• Where were the federal regulators during those years?

  • If the OCC and the CFPB were aware of these issues before the L.A. City Attorney’s lawsuit, why did they wait until 2016 to bring an enforcement action?

  • Why did it take an L.A. Times reporter to uncover what should have been uncovered by Wells Fargo’s regulators?

  • How many millions of unauthorized accounts does it take before the CFPB notices?

Democratic perspective. On the other hand, the opening statement of Committee Ranking Member Sherrod Brown (D-Ohio) strove to focus the hearing solely on Wells Fargo. Brown ridiculed Wells Fargo’s description of customers who "received products or services they did not want." "That makes it sound like there was a mix-up under the Christmas tree, and I got the right-handed baseball glove meant for my brother Charlie," Brown said.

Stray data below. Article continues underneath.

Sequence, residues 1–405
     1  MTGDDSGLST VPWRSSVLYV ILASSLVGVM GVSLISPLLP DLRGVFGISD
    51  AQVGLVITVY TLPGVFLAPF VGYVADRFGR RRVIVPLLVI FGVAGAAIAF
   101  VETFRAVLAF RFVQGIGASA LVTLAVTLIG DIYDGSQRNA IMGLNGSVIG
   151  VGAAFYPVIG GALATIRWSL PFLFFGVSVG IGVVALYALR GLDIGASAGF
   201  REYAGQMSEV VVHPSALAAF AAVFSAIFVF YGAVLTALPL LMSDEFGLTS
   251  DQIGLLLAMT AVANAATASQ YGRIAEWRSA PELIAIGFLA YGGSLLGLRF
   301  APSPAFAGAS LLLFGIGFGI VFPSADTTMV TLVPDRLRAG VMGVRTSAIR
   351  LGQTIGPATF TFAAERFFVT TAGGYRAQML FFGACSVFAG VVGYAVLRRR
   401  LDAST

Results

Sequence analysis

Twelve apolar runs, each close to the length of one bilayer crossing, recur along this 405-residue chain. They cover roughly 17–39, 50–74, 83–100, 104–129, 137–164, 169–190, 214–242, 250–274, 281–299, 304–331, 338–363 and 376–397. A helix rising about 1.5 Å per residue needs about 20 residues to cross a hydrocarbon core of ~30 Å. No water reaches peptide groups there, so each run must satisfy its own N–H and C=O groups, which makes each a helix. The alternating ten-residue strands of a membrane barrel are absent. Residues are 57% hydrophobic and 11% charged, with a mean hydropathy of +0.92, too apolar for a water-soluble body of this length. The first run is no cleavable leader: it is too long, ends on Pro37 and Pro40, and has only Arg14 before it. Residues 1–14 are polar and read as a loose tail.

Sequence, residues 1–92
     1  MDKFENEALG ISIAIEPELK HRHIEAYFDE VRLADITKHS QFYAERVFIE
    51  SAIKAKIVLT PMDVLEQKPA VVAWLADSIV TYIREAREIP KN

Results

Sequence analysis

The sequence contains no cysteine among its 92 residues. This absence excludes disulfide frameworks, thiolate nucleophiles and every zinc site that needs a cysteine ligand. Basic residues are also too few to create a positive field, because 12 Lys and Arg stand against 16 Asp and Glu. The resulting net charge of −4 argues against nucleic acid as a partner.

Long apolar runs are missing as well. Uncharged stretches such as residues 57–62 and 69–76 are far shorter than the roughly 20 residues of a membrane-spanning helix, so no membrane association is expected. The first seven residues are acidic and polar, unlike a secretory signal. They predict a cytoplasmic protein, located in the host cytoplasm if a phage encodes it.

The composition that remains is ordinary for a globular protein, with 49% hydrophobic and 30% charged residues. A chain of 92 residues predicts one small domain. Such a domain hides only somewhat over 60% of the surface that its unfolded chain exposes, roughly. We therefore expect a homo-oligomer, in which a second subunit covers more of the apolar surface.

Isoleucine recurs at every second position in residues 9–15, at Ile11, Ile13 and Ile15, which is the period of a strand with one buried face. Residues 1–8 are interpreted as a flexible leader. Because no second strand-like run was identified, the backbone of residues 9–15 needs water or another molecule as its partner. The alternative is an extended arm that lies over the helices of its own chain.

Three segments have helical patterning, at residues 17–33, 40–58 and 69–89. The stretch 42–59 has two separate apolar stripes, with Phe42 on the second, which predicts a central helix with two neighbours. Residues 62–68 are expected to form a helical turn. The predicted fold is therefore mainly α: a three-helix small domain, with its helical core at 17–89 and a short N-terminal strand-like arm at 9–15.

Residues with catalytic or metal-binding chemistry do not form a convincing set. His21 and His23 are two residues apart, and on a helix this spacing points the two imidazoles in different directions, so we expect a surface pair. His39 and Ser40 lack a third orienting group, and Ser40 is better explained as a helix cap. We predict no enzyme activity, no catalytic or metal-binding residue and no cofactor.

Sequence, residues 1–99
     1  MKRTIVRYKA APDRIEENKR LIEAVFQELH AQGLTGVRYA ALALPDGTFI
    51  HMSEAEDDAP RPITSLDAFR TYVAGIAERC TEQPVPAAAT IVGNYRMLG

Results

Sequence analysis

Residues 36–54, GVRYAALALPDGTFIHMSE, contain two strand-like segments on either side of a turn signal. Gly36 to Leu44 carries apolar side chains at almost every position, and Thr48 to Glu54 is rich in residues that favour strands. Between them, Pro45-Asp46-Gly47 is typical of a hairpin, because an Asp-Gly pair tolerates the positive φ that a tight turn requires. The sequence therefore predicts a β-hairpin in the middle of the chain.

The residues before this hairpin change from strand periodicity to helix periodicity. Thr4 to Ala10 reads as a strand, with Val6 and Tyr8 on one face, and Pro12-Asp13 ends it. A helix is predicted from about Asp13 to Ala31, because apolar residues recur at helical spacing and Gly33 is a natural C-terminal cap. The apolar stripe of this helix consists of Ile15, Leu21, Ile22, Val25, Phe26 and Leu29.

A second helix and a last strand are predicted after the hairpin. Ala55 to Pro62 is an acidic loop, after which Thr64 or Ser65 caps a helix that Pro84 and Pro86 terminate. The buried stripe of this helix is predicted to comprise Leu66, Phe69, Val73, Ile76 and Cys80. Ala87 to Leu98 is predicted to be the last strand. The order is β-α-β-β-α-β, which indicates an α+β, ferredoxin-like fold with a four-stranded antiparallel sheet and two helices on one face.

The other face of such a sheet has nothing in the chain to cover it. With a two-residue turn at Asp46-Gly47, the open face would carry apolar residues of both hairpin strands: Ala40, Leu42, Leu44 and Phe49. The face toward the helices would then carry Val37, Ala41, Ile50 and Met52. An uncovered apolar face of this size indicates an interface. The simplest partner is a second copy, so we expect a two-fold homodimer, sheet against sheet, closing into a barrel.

Wells Fargo has not admitted any responsibility for any misdeeds, Brown asserted. He pointed out that the bank has even invoked arbitration clauses in agreements for legitimate accounts to block customers from seeking redress in court for fraudulently opened accounts.

The senator also contrasted the 5,300 low-level employees who were fired "with no parachute of any color" with the treatment of Carrie Tolstedt, Wells Fargo’s Senior Executive Vice President for Community Banking. Tolstedt has been allowed to retire with benefits that could exceed the CFPB’s record fine even though she has known of the problem for more than five years, Brown charged.